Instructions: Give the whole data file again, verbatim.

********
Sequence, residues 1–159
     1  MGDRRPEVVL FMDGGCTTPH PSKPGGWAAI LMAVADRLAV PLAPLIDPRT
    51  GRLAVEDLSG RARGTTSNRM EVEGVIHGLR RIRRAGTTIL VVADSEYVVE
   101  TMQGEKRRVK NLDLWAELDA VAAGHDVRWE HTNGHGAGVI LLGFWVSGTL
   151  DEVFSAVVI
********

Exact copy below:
Sequence, residues 1–159
     1  MGDRRPEVVL FMDGGCTTPH PSKPGGWAAI LMAVADRLAV PLAPLIDPRT
    51  GRLAVEDLSG RARGTTSNRM EVEGVIHGLR RIRRAGTTIL VVADSEYVVE
   101  TMQGEKRRVK NLDLWAELDA VAAGHDVRWE HTNGHGAGVI LLGFWVSGTL
   151  DEVFSAVVI